The procurators may be divided into two series: those preceding and those following the reign of Agrippa I. Those of the first series (6-41 C.E.) ruled over Judea alone, possessing, together with the legate, the power of supervision over the Temple, and the right to appoint and depose the high priest. Those of the second series (44-70) administered Samaria and Galilee, besides Judea. Tacitus' statement ("Annales," xii. 54) that Cumanus was procurator of Galilee only, is not confirmed by Josephus, who was better informed. In this period the supervision over the Temple and the high priests was exercised by Jewish princes of the Herodian dynasty. While the reader is referred to the special articles in The Jewish Encyclopedia on the several procurators, a condensed account of them, as well as of the legates who followed them, is here presented in the order of their succession. The first series of procurators includes the following:

  • Coponius (6 or 7-9 C.E.). During his administration the revolt of Judas the Galilean occurred (Josephus, "Ant." xviii. 1, § 1; idem, "B. J." li. 8, § 1).
  • Marcus Ambibulus (9-12). Ἀμβίβουλος is the correct reading in "Ant." xviii. 2, § 2, according to ed. Niese; the older editions have Ἀμβίβουχος, which was usually read "Ambivius."
  • Annius Rufus (c. 12-15). During his term of office Augustus died (Aug. 19, 14); and this is the only basis on which to compute the tenure of office of the first three procurators, of whose administration Josephus ("Ant." l.c.) reports almost nothing.
  • Valerius Gratus (15-26). He was the first procurator who arbitrarily appointed and deposed the high priests (ib.).
  • Pontius Pilate 26-36). As Josephus expressly states (ib. 4, § 2), he was deposed before the first appearance of Vitellius in Jerusalem, namely, in the spring of 36 (comp. ib. 4, § 3 with 5, § 3).
  • Marcellus (36-37). A friend of Vitellius (ib. 4, § 2), who appointed him after sending Pilate to Rome to render account. It may be assumed, however, that Marcellus was not really a procurator of Judea, but only a subordinate official of Vitellius. Indeed, this is the only instance where Josephus, in designating the office of Marcellus, uses the expression ἐπιμελητής = "overseer." No official act of Marcellus is reported.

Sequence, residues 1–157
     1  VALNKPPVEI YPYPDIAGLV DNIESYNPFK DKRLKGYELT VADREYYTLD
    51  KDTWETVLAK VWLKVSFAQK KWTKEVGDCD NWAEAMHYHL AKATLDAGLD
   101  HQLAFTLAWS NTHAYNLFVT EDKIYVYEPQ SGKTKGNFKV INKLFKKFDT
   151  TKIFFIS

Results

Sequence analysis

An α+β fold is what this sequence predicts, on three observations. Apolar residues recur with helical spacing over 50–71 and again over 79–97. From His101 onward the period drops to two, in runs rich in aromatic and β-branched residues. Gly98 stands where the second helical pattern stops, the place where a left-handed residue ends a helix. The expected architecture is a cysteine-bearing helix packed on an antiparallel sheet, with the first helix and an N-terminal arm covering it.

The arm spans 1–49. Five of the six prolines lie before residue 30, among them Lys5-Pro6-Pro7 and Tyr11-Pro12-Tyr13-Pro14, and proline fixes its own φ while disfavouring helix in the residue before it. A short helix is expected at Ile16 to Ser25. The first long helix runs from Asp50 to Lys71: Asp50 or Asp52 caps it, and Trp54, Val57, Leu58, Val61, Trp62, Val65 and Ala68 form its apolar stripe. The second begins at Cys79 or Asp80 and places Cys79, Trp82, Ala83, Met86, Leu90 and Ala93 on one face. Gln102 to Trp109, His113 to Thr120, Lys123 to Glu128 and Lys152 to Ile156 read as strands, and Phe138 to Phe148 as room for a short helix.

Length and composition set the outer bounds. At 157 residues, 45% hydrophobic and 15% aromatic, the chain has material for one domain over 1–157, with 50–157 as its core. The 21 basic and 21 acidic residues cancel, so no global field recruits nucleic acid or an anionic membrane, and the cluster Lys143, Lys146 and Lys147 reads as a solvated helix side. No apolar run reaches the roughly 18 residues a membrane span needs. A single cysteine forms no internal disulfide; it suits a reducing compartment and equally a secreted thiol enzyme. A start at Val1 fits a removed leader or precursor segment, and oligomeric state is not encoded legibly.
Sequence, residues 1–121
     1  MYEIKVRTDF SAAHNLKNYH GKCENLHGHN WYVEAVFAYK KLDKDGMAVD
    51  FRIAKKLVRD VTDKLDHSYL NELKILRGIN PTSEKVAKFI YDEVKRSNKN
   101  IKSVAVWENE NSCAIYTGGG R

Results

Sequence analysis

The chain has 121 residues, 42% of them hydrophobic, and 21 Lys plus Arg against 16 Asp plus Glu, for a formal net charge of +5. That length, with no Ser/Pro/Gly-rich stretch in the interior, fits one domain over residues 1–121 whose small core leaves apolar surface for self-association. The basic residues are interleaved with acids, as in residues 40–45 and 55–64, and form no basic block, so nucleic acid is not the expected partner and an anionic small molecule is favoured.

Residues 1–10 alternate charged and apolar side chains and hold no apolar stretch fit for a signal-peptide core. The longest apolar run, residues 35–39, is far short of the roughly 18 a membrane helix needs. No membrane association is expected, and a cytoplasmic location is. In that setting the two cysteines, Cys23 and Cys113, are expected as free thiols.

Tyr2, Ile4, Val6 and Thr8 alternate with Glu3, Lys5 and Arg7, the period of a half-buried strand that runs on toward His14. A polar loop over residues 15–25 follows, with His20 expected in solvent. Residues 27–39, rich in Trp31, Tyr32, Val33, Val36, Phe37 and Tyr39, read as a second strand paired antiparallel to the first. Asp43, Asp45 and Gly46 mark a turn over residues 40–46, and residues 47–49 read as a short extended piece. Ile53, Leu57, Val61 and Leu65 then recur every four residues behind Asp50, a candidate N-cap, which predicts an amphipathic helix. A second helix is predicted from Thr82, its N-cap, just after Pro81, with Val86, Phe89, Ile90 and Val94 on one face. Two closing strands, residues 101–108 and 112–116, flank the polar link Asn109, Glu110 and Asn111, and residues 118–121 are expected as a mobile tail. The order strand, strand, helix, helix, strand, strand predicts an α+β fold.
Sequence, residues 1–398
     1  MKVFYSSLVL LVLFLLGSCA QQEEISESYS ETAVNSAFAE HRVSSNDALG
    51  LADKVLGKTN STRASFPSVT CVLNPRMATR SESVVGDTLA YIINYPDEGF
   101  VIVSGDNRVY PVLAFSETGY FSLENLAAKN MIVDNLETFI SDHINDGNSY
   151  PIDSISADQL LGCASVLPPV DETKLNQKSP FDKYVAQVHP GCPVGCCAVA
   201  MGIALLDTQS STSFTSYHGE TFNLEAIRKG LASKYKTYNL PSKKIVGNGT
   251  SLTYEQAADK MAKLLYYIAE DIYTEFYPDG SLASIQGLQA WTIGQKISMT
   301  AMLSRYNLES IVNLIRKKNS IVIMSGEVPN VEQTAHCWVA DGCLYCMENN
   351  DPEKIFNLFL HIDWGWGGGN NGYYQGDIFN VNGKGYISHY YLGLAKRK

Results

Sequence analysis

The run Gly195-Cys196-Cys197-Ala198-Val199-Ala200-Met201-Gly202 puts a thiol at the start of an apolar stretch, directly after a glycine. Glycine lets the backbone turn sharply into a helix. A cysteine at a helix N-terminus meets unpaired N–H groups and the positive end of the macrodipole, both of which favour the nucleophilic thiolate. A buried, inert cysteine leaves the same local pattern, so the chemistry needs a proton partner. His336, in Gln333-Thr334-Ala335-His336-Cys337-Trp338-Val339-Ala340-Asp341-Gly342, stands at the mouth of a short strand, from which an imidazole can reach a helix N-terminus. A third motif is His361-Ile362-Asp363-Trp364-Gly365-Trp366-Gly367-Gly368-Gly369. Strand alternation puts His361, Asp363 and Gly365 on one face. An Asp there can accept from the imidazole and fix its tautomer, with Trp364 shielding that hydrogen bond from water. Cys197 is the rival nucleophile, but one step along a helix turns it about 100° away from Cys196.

• Marullus (37-41).

The procurators of the second series are:

  • Cuspius Fadus (44 to c. 46). Claudius appointed him to prevent the Syrian legate Vibius Marsus, who was ill-disposed toward the Jews, from mistreating them ("Ant." xix. 9, § 2). This goes to show that in time of peace the procurator was independent of the Syrian legate.
  • Tiberius Alexander (46-48). He was sent by the emperor, in the belief that a born Jew would be welcome to the Jews.
  • Ventidius Cumanus (48-52). His appointment is mentioned in "Ant." xx. 5, § 2. During his administration popular uprisings occurred, and the legate of Syria. Ummidius Quadratus, removed him on the urgent petition of the Jews.
  • Felix (52-60). He was appointed by the emperor at the desire of the high priest Jonathan ("B. J." ii. 12, § 6), which distinctly proves that the central government in Rome was conciliatory toward the Jews, and that the procurators were responsible for the prevailing animosities. Felix was called upon to sit in judgment on the apostle Paul.
  • Porcius Festus (60-62). A fairly just man ("Ant." xx. 8, § 9; "B. J." ii. 14, § 1), who could not, however, remedy the faults of his predecessors. He was prominent in the proceedings against Paul. Festus died while in office. Until the arrival ofthe new procurator, the high priest Ananus, son of Annas, exercised a certain power.
  • Albinus (62-64). Notorious through his extortions.
  • Gessius Florus (64-66). A contemptible ruler, under whom a revolt of the Jews took place. In consequence of the war, the procurator's office could be filled either not at all or only de jure, as by Vespasian. The important distinction now arose that the governor held the rank of senator, and was selected, for a time, from among the pretors, and afterward (probably from Hadrian's time) from the consular ranks. He had under him a procurator; such, e.g., was L. Laberius Maximus, under Bassus. After the Bar Kokba war there remained in Judea, besides the Tenth legion ("Fretensis"), the Sixth legion ("Ferrata"), and of course, as previously, several auxiliary troops. Only "legati Augusti pro prætore" were qualified to be commanders of this army. The dependence on Syria now ceased in the natural course of events.
  • (Owing to the lack of sources the succession of the governors at this period can not be stated with precision. In Schürer's list, for example, the above-mentioned Antonius Julianus is not included, while Cerialis, who certainly took part in the campaign against the Jews, is nowhere referred to as procurator.)